Designers Eric Shumaker and Brian Raum explain how Charles Barkley, the post-cyberpocalypse, and Space Jam came together into one hilarious RPG.
In January of 2007, amateur game designers Eric Shumaker and Brian Raum released a demo for a game they thought only their closest friends would play. But its premise proved too ridiculous to resist. Tales of Game's Presents Chef Boyardee's Barkley, Shut Up and Jam: Gaiden, Chapter 1 of the Hoopz Barkley SaGa thrusts ex-NBA player Charles Barkley into a dystopian future caused, in part, by the events of the movie Space Jam. The game's straight-faced humor and solid execution of Japanese role-playing game fundamentals drew attention from all across the Internet and beyond.
Now, with the release of a Mac-friendly version of Barkley, Shut Up and Jam: Gaiden and the announcement of the game's sequel, Shumaker and Raum are ready to revisit the genesis of this outrageous RPG series. Warning: the postmortem you are about to read is canon.
The number one thing I'm sure people want to know is how you arrived at the concept for this game. Are you both sports fans? Did you play a lot of Japanese role-playing games growing up? When did you decide to make the connection with Space Jam?
Eric Shumaker: [laughs] I like basketball, but I don't actively follow any teams or anything. I don't think you could say I'm a sports fan, although I don't dislike them or anything. There was this Super Nintendo basketball game about Charles Barkley called Barkley Shut Up and Jam; I saw the name and thought it would be really funny to add "Gaiden" at the end.
It's really weird, but we didn't have to think too hard about what we wanted to do with the game. We knew immediately that it would be serious despite having a completely ridiculous premise. I guess when you put the words "Barkley Shut Up and Jam" and "Gaiden" together, chaos dunks, vidcons, neo-shekels, and Hoopz Barkley are just the natural by-products.
We all played a lot of Western and Japanese role-playing games growing up. We were part of the RPG Maker community--a group of people using a free engine to make JRPG-style games--so pretty much everyone there was familiar with the genre. I'm not sure when Space Jam became a part of the game. I think it was just another by-product of the creative flurry that Brian and I had immediately after conceiving the idea.
Brian Raum: I like sports, more so playing than following. I'm a rotten b-ball player, too. But I like it. I was really into the Harlem Globetrotters when I was younger. So yes, Eric came up with the name and contacted me about it asking if I wanted to help, but there's also an ancient Wikipedia edit five or six years ago that kind of informed this game's personality.
I'm almost certain we found it after we had started the game, but I'm not 100 percent sure. On Michael Jordan's page it said, regarding Space Jam, "But some fans disagree whether or not this is canon." That the movie Space Jam is canon to Michael Jordan's filmography? That the events of Space Jam and his joining with the Looney Tunes are canon to Jordan's life and career? Like, Space Jam and AAA baseball are not canon, but his time with the Bulls is? It was funny and strange, and the more time you spend thinking about how something can be canon to existence, the more bewildered you become.
This mystery, and our deliberation, was instrumental in leading us to Barkley 1's ultra-heightened sense of canonicity. But most of all we live in a world where Shaq Fu, Chaos in the Windy City, and Space Jam are actually real things. Sci-fi b-ball heroics are a rich genre that predates our contribution.
With a concept so outrageous, it would be easy to make the whole game super goofy. Instead, the tone of Barkley 1 is a juxtaposition of depressing, desolate future and humorous, almost sitcom-esque scenarios. How did you arrive at this tone?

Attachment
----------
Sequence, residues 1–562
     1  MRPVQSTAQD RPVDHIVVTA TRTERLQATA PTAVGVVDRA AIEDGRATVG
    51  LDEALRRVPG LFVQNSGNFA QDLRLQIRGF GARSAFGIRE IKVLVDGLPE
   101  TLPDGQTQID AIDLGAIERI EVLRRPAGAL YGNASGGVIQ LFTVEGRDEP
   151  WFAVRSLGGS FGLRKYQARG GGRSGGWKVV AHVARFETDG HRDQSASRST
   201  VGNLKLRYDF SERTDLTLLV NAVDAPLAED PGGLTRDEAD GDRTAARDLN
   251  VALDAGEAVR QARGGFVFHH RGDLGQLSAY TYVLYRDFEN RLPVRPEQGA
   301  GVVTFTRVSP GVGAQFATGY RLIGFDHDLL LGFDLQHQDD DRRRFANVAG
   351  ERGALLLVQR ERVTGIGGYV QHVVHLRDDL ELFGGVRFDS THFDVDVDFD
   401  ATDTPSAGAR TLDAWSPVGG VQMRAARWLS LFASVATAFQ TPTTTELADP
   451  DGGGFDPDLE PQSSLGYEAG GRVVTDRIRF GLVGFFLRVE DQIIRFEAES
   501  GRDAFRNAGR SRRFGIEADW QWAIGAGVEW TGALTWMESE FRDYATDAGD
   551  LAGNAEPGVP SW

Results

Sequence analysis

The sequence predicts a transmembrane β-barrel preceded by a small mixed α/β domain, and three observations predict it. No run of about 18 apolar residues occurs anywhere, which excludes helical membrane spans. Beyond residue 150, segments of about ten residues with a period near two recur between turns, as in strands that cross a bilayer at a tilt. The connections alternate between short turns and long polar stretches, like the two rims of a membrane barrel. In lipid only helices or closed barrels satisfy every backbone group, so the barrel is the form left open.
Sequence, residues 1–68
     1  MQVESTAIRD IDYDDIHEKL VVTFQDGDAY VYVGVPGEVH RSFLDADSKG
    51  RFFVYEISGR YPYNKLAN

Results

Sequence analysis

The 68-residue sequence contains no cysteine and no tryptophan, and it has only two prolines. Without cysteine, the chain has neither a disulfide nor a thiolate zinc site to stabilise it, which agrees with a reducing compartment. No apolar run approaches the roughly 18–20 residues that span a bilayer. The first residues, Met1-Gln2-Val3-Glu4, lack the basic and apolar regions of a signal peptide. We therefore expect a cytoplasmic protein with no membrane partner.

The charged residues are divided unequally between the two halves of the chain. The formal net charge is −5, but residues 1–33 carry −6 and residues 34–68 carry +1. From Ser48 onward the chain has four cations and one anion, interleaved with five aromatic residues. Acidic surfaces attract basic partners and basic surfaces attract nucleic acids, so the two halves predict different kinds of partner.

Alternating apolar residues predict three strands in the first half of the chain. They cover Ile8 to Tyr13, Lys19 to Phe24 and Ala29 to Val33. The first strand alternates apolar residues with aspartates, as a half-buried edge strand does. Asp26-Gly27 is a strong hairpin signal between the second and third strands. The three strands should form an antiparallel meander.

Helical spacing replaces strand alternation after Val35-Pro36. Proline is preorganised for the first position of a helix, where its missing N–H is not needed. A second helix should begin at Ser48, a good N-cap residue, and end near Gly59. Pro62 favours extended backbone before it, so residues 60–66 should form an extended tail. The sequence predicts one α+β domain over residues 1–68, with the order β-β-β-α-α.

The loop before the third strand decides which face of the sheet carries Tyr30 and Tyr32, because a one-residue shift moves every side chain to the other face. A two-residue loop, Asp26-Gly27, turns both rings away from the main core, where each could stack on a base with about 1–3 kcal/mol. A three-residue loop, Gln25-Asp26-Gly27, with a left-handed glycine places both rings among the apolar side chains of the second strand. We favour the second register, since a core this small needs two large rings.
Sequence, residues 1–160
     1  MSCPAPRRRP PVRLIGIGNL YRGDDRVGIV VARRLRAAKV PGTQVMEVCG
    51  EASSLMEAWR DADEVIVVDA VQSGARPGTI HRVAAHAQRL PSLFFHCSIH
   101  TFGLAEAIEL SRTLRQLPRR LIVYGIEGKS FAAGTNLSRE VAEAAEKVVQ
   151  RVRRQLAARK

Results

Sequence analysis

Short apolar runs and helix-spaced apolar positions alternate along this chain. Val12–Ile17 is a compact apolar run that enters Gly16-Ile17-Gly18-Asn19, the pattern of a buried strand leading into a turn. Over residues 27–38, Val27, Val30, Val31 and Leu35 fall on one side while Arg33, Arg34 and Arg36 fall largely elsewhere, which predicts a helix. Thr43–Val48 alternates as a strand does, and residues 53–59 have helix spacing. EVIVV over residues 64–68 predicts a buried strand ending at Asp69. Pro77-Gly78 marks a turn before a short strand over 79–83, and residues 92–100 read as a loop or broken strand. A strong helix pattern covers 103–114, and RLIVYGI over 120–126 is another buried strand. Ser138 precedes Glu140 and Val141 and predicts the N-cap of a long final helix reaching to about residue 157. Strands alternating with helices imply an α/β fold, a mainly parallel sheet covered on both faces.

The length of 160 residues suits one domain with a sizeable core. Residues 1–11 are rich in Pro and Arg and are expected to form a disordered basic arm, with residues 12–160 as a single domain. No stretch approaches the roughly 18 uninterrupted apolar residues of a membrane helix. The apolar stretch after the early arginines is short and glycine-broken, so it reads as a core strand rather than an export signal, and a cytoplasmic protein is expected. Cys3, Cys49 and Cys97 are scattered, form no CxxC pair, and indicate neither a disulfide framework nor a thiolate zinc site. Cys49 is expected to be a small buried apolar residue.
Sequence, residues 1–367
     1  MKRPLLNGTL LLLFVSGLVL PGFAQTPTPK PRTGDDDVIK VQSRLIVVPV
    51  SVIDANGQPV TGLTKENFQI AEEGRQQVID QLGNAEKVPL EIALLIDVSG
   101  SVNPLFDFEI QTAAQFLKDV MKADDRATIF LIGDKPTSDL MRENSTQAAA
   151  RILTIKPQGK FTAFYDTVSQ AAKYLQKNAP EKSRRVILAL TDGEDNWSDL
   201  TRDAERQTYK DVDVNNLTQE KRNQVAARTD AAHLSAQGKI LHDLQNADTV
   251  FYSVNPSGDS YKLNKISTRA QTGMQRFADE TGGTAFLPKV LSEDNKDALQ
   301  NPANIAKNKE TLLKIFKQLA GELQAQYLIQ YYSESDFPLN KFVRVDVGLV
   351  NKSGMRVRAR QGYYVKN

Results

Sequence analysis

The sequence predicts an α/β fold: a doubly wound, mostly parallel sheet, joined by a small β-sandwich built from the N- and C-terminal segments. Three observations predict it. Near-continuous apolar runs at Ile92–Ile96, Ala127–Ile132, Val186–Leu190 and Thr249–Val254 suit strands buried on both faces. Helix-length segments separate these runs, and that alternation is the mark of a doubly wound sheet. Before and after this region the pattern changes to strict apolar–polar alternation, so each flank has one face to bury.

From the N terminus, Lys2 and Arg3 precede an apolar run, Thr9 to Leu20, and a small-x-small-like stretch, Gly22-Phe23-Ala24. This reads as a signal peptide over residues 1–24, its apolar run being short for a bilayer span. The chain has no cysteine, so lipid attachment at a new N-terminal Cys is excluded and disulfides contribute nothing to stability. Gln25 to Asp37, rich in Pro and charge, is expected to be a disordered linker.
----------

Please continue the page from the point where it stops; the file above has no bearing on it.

Shumaker: A big part of it was that we wanted to poke fun at a lot of the games in the RPG Maker community. Back then, the RPG Maker community was pretty amateur--a lot of these games used resources (or entire stories) from other games and did it with a completely straight face. A good deal were very cheesy derivatives of much better commercial games, but they took themselves very seriously and tried to present themselves as completely legitimate.
On Michael Jordan's page it said, regarding Space Jam, "But some fans disagree whether or not this is canon." This mystery, and our deliberation, was instrumental in leading us to Barkley 1's ultra-heightened sense of canonicity."They weren't bad or anything; they were very cool and interesting. But this attitude of self-importance was something we wanted to make fun of. We took the completely serious tone of all these RPG Maker games and gave it a ridiculous premise. It was the contrast of the tone and the premise that I think made it funny. But it was never meant to be malicious; I think it was an affectionate parody. We love role-playing games, and we love the community we came from.
I think the RPG Maker community was one of the most creatively fertile game-making communities ever, and the big reason was that RPG Maker was a tool for idea guys and not programmers. It gave all those people who did not have the means to make a big game the tools to make their own Final Fantasy or Dragon Quest. They didn't have to focus on tiny mechanical details, but on stories and characters and worlds, and that's what made RPG Maker so attractive to so many.
At the same time, a lot of these RPG Maker dudes lacked a critical sense of self-awareness, and that's sort of what we were parodying with the game.
Raum: Another part of it was just the local culture of the message board we posted at and our group of friends. Before making Barkley 1, there were a thousand other dumb stories, forum topics, games, songs, pictures, alternate identities, practical jokes, and so on that myself and others were involved in. Much of my youth was spent sitting in front of a computer concocting increasingly ridiculous plots to entertain myself and my friends. Kind of a waste of time, but I liked it, and I think we benefited from hanging around in a place where people actively practiced comedy. I don't think for a second I am hilarious or anything, but the "tone" was muscle memory after years of wasteful forum posting. It was what was most fun to write and talk about.